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Chromosomal Evolution in Haplopappus gracilis: A Centric Transposition Race

R. C. Jackson
Evolution
Vol. 27, No. 2 (Jun., 1973), pp. 243-256
DOI: 10.2307/2406964
Stable URL: http://www.jstor.org/stable/2406964
Page Count: 14
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Chromosomal Evolution in Haplopappus gracilis: A Centric Transposition Race
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Abstract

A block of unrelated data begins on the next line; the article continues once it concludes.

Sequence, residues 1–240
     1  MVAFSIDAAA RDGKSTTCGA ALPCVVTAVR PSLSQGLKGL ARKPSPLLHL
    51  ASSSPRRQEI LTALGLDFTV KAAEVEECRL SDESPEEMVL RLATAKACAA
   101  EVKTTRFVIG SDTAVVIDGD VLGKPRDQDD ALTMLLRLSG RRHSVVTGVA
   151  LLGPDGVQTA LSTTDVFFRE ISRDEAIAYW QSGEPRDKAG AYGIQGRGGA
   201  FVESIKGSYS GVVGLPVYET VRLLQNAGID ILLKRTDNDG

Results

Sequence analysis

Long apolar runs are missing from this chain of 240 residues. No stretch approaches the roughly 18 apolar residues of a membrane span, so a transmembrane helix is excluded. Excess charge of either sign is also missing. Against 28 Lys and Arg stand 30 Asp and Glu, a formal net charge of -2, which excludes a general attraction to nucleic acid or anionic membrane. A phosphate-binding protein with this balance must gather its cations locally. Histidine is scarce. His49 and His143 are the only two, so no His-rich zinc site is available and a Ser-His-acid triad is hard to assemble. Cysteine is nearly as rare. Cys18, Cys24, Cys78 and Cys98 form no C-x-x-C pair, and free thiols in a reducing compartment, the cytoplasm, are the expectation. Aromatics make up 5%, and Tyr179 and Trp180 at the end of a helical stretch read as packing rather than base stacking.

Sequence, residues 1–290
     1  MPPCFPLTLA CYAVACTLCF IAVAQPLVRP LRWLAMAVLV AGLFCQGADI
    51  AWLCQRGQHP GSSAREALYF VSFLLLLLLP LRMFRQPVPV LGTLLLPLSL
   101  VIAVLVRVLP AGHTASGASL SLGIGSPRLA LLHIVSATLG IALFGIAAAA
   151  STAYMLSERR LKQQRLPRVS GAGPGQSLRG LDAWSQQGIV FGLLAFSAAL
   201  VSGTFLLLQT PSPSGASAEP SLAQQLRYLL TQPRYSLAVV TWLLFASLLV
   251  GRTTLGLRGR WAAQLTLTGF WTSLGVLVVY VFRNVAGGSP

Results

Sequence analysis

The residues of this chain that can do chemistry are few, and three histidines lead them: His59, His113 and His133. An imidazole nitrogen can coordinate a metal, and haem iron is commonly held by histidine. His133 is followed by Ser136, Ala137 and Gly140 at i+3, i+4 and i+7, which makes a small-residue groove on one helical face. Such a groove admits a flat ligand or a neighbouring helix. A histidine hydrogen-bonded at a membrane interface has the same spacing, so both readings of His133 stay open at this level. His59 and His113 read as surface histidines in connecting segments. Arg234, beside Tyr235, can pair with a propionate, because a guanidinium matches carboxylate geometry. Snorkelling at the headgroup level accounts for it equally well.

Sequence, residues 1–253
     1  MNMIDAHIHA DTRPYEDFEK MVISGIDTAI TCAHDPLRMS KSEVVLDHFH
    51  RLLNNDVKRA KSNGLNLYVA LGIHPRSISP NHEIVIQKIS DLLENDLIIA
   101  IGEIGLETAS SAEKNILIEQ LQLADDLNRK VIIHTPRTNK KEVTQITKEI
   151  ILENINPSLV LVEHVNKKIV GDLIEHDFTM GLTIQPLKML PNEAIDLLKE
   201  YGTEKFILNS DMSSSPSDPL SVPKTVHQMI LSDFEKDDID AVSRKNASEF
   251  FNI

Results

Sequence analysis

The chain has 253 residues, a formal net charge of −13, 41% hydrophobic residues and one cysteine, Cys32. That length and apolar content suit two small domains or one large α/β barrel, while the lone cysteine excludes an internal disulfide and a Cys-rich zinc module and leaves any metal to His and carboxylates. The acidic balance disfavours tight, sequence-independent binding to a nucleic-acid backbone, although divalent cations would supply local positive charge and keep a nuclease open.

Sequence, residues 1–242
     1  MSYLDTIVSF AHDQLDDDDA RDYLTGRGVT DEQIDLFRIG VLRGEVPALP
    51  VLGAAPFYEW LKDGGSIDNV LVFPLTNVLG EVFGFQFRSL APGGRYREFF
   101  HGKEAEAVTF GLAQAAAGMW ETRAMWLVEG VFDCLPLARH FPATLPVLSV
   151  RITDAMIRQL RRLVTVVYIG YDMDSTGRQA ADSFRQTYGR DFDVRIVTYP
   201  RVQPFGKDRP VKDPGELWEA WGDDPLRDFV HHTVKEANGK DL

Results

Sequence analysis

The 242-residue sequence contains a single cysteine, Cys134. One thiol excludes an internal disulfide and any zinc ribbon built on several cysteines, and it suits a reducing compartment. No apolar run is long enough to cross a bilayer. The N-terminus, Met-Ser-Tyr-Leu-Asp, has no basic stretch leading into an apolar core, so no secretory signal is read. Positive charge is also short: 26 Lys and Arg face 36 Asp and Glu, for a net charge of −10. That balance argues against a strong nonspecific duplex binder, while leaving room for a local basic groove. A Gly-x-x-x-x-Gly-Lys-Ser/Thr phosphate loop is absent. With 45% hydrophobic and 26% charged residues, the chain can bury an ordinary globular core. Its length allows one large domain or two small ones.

There are two structurally different kinds of chromosome races in Haplopappus gracilis. In the standard race, chromosome A has the centromere located in a median position while in the derived, geographically separated Mexican race the centromere has been shifted toward one end of the chromosome into a submedian position. Cytogenetic analysis of the pachytene stages in the F1 interracial hybrids show that the change in centromere position was due to a centric transposition and not a pericentric inversion. This must have involved chromosome breaks on either side of the centromere and a second break in one arm into which the centromere was inserted. Crossing over in the intercentric region of the chromosome A bivalent in the hybrid produced a dicentric bridge and an acentric fragment as long as chromosome A. This was in keeping with the prediction of a centric transposition. A small paracentric inversion also occurred in the chromosome A bivalent. The two races thus differ structurally in two kinds of rearrangements. Analysis of meiocytes during microsporogenesis showed that the large acentric fragment produced a fifth microspore in the mother cells, and in some cells six or seven microspores were formed. This leads to an over estimation of pollen sterility. However, when correction was made for this error, the agreement between expected and observed pollen fertility was within about 5%. Centric transpositions in natural populations should be as effective in preserving heterosis in the intercentric regions as are pericentric or paracentric inversions. Some natural populations that are polymorphic for centromere positions may in fact be products of centric transpositions and not pericentric inversions as commonly assumed. Finally, centric transposition heterozygotes are capable of increasing the chromosome number by breakage of the dicentric bridge formed by crossing over in the intercentric region. This could result in a rapid increase in genetic variability by breaking up established linkage groups with low crossover frequencies. The new chromosome races might then be able to adapt rather quickly to a habitat different from the one occupied by the ancestral type.

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